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Occupational Burns Among Restaurant Workers -- Colorado and Minnesota

Work-related burns are a leading cause of occupational injury in the United States (1). A substantial proportion of these burns occur among restaurant workers -- often affecting adolescents working in fast-food establishments. This report summarizes investigations of restaurant-associated occupational burns by the state health departments in Colorado and Minnesota. Colorado

Case report. On June 3, 1991, the Colorado Department of Health (CDH) was notified of a work-related burn sustained by a 20-year-old employee of a fast-food restaurant. The employee had been following the restaurant's standard procedure for cleaning exhaust filters located approximately 5 feet above a deep fryer. She had placed a wooden cover over three of the fryer's four bins, all four of which contained hot grease; no cover was available for the fourth bin. While standing on a chair she had placed on the wooden cover to reach and remove the filters, she fell, sustaining second- and third-degree burns over 10% of her body when she immersed her arm and shoulder in the hot grease contained in the uncovered fourth bin. She was hospitalized for 4 days and later required plastic surgery for scarring.

Investigation of occupational burns in the restaurant industry. Because of recent reports of incidents similar to the case reported here, CDH initiated an investigation into the occurrence of grease burns in the restaurant industry in Colorado. Health department investigators analyzed data from the CDH Occupational Hospitalized Burn Surveillance (OHBS) data base and the Colorado Workers' Compensation First Reports of Injury and Illness (FRII) data base for additional information about restaurant-associated burns.

The OHBS data base was established in 1989 by CDH, with support from CDC's National Institute for Occupational Safety and Health (NIOSH) Sentinel Event Notification System for Occupational Risk (SENSOR) program*, to initiate surveillance for occupational burns that required inpatient hospital care **. Voluntary reporting by hospitals of all inpatients with occupational burns in Colorado began in February 1989; mandatory reporting began in May 1990.

From February 1989 through March 1993, CDH received 676 reports of burns occurring in Colorado that required inpatient hospital care. Of these, 226 (33%) were identified by the reporting hospitals as occupational; 29 (13%) occurred in 28 Colorado restaurants. The 29 burned employees ranged in age from 16 to 60 years (median: 26 years); 16 were male. Seventeen employees sustained grease burns. Of these, 15 (88%) were associated with use of deep fryers: in four incidents, the employee slipped on the floor and landed in the cooking grease in the fryer; in three, the employee fell into the fryer while standing on or jumping over it; in three, burns occurred during transport of grease to the disposal bin outside; in three, burns occurred when the employee lowered food into the fryer; and in two, burns occurred when the employee emptied grease from the fryer into plastic containers.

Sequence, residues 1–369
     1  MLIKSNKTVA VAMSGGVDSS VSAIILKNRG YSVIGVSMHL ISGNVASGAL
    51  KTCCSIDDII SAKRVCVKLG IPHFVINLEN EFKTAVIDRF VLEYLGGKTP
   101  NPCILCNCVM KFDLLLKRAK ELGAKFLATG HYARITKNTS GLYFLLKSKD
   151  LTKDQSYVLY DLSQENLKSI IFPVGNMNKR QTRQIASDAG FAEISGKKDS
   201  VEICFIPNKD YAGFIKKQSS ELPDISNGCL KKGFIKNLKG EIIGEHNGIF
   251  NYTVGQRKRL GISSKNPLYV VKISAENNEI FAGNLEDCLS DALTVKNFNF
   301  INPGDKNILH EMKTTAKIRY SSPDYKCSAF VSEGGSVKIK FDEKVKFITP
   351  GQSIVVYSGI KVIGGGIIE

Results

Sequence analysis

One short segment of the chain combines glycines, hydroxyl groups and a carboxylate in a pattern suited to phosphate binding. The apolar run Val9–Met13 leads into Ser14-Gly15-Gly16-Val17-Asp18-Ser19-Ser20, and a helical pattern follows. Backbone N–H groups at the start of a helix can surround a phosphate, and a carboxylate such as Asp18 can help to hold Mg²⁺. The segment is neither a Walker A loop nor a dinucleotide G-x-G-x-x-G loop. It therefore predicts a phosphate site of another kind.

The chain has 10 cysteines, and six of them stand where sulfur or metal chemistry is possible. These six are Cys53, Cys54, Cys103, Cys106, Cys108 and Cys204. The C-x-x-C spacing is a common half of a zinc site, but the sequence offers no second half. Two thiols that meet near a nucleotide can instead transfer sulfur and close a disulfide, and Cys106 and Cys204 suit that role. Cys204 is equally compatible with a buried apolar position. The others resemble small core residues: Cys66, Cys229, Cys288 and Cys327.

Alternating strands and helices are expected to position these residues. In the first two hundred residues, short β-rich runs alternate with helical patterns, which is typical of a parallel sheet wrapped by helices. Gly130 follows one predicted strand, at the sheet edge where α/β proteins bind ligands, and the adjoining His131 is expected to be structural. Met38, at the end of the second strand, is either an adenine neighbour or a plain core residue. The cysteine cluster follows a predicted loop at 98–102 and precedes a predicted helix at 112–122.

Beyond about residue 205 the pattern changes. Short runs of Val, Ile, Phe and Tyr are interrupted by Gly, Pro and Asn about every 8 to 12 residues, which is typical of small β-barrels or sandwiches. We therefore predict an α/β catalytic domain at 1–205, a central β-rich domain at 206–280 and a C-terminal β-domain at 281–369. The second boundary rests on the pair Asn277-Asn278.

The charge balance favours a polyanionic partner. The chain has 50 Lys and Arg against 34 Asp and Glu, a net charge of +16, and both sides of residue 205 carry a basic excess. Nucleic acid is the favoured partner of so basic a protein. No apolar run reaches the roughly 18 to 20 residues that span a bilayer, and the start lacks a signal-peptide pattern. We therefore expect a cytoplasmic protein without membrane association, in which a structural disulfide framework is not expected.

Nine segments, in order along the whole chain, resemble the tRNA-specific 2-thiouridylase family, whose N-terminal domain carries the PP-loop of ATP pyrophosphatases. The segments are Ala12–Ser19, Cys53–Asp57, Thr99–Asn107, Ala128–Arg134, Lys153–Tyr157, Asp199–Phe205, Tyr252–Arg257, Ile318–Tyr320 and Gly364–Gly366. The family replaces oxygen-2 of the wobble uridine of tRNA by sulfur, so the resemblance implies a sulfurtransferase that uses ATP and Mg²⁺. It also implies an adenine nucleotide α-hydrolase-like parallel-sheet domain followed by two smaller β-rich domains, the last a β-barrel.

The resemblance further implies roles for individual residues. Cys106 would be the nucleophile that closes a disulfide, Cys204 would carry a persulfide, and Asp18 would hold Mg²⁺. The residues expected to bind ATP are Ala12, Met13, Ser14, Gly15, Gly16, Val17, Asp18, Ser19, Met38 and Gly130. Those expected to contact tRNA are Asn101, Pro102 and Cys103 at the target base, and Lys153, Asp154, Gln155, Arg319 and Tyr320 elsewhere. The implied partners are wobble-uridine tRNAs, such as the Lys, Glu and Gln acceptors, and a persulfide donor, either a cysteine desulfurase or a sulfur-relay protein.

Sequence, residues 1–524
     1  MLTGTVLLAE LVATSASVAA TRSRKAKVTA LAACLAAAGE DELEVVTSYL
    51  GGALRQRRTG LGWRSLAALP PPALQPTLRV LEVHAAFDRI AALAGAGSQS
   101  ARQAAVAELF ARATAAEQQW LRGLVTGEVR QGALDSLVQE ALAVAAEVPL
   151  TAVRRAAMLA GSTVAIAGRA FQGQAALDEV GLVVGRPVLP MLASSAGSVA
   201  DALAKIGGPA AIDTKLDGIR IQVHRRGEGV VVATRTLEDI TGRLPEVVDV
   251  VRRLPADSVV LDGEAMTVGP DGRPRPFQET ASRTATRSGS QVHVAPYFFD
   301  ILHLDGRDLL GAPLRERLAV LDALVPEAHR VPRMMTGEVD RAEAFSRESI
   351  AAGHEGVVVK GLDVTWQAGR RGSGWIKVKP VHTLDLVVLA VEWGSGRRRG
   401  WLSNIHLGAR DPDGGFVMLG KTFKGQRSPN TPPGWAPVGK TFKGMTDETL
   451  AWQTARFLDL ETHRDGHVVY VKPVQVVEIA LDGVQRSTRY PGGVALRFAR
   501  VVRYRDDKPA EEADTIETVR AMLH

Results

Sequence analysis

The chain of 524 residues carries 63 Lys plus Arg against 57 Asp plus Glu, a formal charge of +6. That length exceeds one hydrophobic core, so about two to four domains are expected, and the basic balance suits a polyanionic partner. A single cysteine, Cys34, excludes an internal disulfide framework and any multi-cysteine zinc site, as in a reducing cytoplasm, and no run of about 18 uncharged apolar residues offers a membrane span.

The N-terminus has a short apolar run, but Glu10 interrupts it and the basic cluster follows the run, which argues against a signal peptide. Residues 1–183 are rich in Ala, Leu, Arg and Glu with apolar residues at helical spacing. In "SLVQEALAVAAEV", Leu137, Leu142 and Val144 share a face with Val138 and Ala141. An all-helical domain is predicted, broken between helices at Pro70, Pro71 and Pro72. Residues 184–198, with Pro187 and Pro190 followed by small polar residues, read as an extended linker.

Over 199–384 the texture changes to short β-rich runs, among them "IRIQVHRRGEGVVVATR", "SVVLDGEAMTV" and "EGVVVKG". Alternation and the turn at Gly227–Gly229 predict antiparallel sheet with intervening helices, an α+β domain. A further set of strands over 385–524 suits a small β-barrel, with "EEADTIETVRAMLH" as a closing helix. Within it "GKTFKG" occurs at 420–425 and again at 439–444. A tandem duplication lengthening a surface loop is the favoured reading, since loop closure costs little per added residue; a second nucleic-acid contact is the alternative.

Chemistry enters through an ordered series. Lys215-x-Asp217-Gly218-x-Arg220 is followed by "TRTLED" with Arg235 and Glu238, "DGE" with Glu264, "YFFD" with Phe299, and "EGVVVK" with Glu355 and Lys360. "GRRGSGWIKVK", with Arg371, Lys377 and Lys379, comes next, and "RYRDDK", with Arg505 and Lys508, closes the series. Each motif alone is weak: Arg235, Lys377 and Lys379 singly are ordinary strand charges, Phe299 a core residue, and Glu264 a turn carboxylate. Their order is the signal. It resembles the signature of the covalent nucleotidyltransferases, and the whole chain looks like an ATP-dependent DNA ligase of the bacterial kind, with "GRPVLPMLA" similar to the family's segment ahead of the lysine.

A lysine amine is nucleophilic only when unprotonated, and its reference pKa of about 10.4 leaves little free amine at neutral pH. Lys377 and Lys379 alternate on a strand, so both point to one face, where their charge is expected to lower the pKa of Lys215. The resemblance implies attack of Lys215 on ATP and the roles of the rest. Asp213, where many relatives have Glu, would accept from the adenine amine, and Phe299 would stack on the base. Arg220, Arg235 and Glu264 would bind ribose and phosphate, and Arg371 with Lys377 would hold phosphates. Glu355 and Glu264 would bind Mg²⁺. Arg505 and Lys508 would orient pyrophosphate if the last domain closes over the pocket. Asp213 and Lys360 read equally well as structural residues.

For the 29 patients, the proportion of body surface burned ranged from 1% to 30%. Five workers were burned on the face; seven, the hand(s); and eight, the feet; the remainder were burned on other parts of the body. Eight (28%) patients underwent excision and skin grafting for treatment of their injuries. Total costs for medical payments, lost wages, and compensation settlements (for permanent disability) for 24 *** of the 29 persons ranged from $1690 to $100,445 (mean: $17,426).

Follow-up workplace investigations by CDH identified several specific incidents associated with use of deep fryers, particularly older models, that increase the risk for inadvertent contact with hot grease: 1) changing exhaust filters located above fryers often requires employees to stand on fryers or other unstable surfaces; 2) filtering or replacing grease often requires manual opening of drain valves and use of open-top, metal collection vessels that must be hand-lifted and hand-carried to filtering systems or disposal bins; 3) lowering damp or frozen food into a hot fryer often causes the water droplets or ice crystals to boil explosively, resulting in splashback of hot grease, 4) cleaning a restaurant often requires moving a fryer when it and the contents are still hot, and 5) accumulating grease and water on the floors adjacent to a fryer increases the risk for slipping and falling into the fryer.